A narrative written by Fred Seigel begins with Mayor Tom McEnery’s strange meeting with the National Conference of Mayors and the strange entrance of soon to be disgraced mayor, Marion Barry of Washington D.C.
Former San Jose mayor Tom McEnery attended a meeting of the preeminent urban policy organization, the United States Conference of Mayors. The organization’s Washington headquarters is adorned with a large picture of President Franklin Roosevelt and with framed correspondence describing his close relationship with the mayors of the great cities:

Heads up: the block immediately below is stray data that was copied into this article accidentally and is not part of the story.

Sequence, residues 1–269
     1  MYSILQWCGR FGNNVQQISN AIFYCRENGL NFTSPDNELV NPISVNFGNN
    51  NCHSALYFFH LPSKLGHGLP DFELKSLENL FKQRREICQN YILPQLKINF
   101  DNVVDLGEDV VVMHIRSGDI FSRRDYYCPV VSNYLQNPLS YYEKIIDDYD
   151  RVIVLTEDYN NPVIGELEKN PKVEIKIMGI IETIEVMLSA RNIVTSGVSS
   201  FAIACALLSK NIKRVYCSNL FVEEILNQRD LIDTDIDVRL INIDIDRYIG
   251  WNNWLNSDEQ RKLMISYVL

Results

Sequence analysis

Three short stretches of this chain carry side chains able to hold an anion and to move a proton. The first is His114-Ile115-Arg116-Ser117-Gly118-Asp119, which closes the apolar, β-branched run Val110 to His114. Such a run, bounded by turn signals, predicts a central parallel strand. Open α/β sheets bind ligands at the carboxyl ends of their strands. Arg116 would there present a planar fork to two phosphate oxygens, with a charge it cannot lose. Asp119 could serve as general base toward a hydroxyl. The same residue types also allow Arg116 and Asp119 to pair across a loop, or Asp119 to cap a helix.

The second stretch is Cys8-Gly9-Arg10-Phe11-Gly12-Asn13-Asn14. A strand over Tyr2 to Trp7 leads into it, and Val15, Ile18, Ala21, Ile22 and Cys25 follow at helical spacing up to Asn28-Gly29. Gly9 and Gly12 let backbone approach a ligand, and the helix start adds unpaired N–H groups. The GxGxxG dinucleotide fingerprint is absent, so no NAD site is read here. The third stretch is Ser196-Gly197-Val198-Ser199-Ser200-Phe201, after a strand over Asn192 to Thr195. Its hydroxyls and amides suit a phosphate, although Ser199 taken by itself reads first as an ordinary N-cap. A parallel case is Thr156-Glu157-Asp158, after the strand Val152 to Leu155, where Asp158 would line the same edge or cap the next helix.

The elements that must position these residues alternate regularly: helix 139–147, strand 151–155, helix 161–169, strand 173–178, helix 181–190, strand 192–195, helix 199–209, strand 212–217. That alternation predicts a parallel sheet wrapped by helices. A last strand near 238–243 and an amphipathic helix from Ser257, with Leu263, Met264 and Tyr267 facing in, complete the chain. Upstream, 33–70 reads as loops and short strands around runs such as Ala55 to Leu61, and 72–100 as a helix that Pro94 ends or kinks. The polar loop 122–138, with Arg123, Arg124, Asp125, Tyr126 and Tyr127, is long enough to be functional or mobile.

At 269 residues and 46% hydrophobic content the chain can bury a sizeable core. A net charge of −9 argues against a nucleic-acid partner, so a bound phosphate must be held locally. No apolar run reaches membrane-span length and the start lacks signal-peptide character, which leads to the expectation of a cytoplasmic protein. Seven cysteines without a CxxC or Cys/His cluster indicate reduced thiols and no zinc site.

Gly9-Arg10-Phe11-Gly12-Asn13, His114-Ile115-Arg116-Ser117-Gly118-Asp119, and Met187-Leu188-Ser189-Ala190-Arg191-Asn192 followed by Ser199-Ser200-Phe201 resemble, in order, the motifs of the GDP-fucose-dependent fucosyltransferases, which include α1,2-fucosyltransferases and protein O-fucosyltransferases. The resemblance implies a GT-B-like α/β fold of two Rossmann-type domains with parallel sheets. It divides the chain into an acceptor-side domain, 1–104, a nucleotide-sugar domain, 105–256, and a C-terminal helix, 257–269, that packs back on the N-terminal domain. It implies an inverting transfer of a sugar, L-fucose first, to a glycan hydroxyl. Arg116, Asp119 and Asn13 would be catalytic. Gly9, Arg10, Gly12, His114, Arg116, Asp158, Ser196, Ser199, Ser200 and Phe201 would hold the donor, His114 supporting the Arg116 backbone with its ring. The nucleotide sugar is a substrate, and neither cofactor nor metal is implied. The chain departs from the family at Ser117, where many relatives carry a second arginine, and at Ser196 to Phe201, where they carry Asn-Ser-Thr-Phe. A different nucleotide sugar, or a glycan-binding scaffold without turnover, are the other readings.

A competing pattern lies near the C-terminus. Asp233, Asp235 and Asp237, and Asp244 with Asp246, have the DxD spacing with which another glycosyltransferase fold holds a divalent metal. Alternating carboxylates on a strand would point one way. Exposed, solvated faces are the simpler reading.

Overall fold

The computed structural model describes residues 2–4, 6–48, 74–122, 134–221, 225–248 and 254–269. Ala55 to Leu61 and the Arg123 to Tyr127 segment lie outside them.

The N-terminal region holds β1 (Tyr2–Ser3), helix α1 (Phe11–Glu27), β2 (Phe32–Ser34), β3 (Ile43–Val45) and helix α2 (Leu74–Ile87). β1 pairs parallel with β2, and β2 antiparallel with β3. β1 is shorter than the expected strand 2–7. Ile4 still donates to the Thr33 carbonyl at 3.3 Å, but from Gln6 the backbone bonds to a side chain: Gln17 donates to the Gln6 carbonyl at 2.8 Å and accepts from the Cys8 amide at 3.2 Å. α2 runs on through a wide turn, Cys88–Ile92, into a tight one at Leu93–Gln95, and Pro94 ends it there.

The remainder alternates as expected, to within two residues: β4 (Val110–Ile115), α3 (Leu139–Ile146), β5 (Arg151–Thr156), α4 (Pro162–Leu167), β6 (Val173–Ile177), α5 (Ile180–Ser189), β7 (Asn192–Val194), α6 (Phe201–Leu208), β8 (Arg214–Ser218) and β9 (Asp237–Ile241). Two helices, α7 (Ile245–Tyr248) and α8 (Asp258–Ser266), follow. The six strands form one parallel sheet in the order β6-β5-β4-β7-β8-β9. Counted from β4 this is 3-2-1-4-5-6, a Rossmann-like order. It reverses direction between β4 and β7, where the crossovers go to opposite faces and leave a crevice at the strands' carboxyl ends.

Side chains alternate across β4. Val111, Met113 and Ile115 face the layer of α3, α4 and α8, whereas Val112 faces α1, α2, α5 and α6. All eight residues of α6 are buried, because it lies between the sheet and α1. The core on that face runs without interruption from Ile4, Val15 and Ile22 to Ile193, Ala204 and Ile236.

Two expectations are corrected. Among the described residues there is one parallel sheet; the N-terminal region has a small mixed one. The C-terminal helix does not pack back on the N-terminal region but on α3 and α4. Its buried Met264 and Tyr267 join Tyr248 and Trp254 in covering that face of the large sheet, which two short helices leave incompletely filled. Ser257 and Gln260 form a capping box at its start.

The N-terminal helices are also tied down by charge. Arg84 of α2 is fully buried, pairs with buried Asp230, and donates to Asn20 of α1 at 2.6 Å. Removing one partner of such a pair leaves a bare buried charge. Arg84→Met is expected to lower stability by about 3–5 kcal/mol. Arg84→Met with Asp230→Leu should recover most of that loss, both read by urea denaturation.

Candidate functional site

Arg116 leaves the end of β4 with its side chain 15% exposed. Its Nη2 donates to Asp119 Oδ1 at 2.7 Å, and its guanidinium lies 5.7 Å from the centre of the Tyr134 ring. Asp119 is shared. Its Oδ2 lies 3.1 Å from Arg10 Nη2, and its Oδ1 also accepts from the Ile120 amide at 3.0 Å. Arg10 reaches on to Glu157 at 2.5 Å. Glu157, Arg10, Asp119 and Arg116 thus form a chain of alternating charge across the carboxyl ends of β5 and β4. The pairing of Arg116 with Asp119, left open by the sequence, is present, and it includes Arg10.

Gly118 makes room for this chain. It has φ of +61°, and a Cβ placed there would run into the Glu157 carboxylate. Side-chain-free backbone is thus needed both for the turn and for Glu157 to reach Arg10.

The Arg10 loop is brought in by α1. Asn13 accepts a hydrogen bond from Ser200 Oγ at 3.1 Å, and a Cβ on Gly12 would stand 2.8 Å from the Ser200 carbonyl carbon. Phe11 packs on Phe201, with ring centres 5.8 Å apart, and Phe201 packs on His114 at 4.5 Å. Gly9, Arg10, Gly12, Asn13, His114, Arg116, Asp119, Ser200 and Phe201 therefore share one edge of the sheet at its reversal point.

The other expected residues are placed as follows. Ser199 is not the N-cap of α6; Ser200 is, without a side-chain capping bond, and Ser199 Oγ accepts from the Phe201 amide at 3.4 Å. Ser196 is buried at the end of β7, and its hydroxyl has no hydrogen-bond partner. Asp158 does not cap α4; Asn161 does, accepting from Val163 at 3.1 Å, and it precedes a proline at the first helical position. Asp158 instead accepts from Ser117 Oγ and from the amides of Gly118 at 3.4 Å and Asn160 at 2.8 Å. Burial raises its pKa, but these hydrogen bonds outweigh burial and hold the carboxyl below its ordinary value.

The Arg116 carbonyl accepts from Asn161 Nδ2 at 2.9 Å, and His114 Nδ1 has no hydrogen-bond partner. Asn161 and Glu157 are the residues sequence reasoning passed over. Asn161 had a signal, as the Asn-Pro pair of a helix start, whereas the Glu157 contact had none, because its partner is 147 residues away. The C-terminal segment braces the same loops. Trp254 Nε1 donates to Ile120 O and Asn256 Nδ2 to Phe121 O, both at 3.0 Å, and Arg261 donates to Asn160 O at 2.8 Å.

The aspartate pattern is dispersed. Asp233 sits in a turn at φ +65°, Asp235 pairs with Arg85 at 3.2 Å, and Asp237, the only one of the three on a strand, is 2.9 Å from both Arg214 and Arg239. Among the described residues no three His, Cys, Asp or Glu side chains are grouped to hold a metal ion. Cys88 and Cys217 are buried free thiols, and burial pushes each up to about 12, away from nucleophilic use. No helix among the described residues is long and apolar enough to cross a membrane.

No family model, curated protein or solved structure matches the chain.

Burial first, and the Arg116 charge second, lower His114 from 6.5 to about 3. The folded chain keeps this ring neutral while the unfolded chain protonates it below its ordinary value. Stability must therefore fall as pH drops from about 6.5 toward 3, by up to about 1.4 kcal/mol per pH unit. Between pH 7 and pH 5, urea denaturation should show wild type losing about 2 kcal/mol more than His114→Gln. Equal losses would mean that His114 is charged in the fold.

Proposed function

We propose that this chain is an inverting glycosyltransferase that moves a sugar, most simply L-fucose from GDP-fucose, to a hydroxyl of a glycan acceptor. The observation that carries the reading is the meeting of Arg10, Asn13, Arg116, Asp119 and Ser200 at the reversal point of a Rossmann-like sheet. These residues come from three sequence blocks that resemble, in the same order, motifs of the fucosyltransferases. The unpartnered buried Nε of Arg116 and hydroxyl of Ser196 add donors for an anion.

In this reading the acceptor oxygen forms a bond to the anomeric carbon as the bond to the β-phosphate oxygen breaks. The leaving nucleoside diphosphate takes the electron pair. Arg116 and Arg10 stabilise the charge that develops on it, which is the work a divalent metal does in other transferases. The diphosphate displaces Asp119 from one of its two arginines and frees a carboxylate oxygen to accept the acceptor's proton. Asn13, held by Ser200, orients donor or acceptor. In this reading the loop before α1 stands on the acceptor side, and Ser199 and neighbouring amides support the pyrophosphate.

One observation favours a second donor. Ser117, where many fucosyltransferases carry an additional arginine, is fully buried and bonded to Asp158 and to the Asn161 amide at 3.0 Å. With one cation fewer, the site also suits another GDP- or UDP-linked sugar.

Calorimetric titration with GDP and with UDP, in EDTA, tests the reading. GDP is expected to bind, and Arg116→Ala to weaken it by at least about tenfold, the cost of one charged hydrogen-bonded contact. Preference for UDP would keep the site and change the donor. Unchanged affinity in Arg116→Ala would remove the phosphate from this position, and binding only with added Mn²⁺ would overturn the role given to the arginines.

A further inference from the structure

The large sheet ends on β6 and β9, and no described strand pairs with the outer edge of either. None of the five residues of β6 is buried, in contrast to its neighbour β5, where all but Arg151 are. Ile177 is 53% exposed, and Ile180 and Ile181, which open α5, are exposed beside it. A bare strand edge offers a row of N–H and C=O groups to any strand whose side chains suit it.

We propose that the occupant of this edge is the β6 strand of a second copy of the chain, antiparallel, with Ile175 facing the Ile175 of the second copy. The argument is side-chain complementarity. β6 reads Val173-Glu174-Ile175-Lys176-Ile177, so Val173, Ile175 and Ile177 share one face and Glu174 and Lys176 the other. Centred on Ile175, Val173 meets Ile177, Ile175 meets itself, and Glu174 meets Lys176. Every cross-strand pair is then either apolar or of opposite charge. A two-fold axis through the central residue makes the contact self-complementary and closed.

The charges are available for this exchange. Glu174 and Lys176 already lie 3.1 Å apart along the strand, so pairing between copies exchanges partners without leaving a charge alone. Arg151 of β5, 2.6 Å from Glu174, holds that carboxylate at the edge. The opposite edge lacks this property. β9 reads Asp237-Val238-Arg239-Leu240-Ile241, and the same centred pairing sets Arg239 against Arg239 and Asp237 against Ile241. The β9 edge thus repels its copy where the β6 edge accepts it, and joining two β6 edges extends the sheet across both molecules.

Late in the day, “As yet another speaker droned on about the pressing need for increased federal assistance to cities,” says McEnery, the host, Mayor Marion Barry, finally showed up. Barry, dressed in the “red warm-up suit he must have slept in, slumped into the chair next to (McEnery) and closed his eyes”. McEnery goes on: “Suddenly, Marion Barry came alive, interrupting the speaker (to) blurt out a few non sequiturs.” Jaws dropped tot he sound of nervous laughter, and the conferees gazed in disbelief as Barry rambled on. Finally, he slumped back into his chair beside McEnery, apparently satisfied he had made his point. “Politely, we all acted as if nothing happened,” says McEnery. The speaker responded with, “Excellent point, Marion. now back on the subject of grants.” McEnery concludes, “I have never shuffled my papers as intently as i did the rest of the meeting.”